11 July 2012 19:55 [Source: ICIS news]
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Charles Drevna, president of the American Fuel & Petrochemical Manufacturers (AFPM), told the House Committee on Energy and Commerce that the Environmental Protection Agency (EPA) waited a full year to inform refiners and others of the fraud, leaving them exposed to losses and even non-compliance fines by the EPA.
As noted in a staff report by the House Subcommittee on Oversight and Investigations, the EPA established a system of tradable renewable identification numbers (RINs) that refiners and fuel blenders must obtain as proof that they are using certain volumes of biodiesel in their energy products.
Every gallon of biodiesel manufactured is assigned a RIN, and refiners obtain those numbers on purchase of biofuel supplies.
“When the biofuel is blended into transportation fuel,” the subcommittee report noted, “RINs can be separated from the underlying fuel and traded, much like currency, ultimately to facilitate [refiners and blenders] compliance efforts.”
But over the last year, several purported biodiesel production companies were selling RINs to the fuels industry without actually producing the related biofuel. Just last month, a federal jury convicted one such fraudulent company, Clean Green Fuels, of selling some $9m worth of illegal RINs.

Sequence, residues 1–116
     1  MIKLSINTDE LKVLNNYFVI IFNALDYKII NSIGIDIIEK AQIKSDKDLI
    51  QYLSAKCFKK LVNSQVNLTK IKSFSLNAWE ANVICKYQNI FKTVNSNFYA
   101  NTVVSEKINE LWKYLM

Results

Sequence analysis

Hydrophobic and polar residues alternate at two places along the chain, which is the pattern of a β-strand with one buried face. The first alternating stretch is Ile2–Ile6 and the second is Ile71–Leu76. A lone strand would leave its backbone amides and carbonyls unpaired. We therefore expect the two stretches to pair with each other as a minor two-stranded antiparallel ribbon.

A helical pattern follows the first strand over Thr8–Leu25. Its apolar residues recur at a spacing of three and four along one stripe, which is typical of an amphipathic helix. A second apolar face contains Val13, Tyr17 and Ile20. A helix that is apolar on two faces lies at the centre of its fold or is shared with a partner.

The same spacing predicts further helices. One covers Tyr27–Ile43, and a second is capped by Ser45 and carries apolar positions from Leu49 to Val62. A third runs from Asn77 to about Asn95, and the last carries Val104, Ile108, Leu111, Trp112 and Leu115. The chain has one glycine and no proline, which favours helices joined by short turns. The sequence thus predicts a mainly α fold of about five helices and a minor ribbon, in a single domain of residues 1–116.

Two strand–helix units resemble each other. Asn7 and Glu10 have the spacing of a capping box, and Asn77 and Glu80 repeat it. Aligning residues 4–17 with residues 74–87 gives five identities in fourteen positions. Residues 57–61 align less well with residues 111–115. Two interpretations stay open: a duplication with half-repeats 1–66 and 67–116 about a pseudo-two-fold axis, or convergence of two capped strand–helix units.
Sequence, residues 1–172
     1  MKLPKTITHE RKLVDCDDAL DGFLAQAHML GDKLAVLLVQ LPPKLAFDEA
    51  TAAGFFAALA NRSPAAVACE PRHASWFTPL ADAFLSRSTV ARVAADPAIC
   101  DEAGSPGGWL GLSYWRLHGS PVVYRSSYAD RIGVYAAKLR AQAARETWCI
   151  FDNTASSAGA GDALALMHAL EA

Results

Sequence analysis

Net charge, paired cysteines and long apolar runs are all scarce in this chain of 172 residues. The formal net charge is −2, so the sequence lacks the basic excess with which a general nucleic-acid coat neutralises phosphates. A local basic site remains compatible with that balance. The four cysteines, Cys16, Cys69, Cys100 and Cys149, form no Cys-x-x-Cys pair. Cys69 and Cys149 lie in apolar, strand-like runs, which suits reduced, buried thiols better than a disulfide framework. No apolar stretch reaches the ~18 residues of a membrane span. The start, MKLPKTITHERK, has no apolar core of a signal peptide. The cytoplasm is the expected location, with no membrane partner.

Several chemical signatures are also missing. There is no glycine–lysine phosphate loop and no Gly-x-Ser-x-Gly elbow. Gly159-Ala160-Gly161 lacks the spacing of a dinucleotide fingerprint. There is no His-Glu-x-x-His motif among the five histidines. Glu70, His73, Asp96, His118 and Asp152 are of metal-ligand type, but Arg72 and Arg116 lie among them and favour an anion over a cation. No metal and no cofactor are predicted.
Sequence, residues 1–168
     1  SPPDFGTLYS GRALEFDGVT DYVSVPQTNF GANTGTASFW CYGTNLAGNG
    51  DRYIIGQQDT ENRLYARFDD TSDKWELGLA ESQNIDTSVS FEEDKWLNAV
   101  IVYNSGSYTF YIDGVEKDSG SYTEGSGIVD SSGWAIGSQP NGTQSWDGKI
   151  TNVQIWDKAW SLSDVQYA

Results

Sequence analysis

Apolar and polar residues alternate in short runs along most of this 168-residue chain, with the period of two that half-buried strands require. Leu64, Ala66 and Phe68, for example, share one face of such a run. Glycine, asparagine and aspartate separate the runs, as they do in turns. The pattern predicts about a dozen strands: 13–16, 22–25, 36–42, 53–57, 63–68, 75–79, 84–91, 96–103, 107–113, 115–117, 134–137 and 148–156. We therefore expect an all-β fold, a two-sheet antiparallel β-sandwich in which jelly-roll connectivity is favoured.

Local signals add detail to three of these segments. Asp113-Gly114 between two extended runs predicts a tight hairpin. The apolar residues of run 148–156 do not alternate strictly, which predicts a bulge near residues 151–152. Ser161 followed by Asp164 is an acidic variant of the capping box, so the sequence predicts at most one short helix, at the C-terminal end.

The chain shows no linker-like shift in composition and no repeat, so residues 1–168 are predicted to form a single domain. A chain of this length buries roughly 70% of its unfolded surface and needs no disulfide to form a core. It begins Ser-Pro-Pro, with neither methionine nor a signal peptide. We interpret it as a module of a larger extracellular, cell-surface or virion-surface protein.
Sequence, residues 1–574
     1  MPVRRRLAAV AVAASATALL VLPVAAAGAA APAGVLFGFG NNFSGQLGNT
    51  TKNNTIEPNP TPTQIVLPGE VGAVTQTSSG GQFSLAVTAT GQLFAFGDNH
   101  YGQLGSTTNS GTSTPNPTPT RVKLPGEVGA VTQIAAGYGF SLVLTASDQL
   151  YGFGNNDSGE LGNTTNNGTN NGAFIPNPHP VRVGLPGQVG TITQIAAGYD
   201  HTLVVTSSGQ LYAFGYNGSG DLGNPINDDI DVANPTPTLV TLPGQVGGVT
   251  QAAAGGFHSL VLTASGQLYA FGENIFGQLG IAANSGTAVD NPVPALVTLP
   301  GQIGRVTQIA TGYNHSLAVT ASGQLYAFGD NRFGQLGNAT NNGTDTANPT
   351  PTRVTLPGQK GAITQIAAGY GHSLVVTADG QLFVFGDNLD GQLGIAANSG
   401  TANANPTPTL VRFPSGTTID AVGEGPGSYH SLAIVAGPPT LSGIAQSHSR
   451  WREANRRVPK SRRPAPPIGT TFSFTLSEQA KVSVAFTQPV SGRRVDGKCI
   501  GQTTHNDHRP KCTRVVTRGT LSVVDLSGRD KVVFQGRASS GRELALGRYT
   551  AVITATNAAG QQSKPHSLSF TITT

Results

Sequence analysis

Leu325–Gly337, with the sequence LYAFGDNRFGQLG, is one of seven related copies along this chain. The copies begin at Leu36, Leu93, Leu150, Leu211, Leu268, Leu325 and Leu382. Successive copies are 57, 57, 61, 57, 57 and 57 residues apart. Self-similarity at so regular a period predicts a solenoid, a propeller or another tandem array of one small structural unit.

Drevna said that although the EPA discovered the Clean Green Fuels fraudulent activity in early 2011, “it took EPA more than a year to inform obligated parties”, meaning refiners and others who are obligated under federal renewable fuels mandates to buy biofuels.
After finally announcing that the Clean Green Fuels RINs were invalid, Drevna said, “EPA informed obligated parties that they had 14 days to replace the invalid RINs” and subsequently charged the defrauded companies with violations of the Clean Air Act, “effectively punishing the victim of the fraud".
He noted that at least 24 companies purchased the fraudulent Clean Green Fuels RINs.
The EPA contends that refiners and blenders had an obligation to be sure that the biofuels and RINs they were buying were in fact legitimate.
In his testimony before the subcommittee, Drevna said that despite numerous requests from refiners and other victim companies, “EPA has declined to identify any due diligence steps that would at minimum provide an obligated party legal protection if they unknowingly purchase and invalid RIN”.
“Again, this ‘buyer beware’ policy amounts to punishing the victims of fraud,” Drevna said.
Byron Bunker, acting compliance director of EPA’s office of transportation and air quality, told the subcommittee that the agency “understands the seriousness and urgency of the fraudulent RIN issue and has been diligently working with industry to alleviate uncertainties in the renewable fuels market for obligated parties and [biofuels] producers alike.
But Bunker did not indicate how soon the EPA might establish a system of safeguards to prevent RINs fraud.
Drevna said that while AFPM appreciates discussions EPA has been holding with refiners and others to resolve the problem, he said that “we need resolution on legal certainty before the end of this year”.
Although not testifiying at Wednesday's hearing, the National Biodiesel Board (NBB) in May this year set up an online network through which the board said RINs stakeholders can establish the validity of purchases.
($1 = €0.82)
Paul Hodges studies key influences shaping the chemical industry in Chemicals and the Economy
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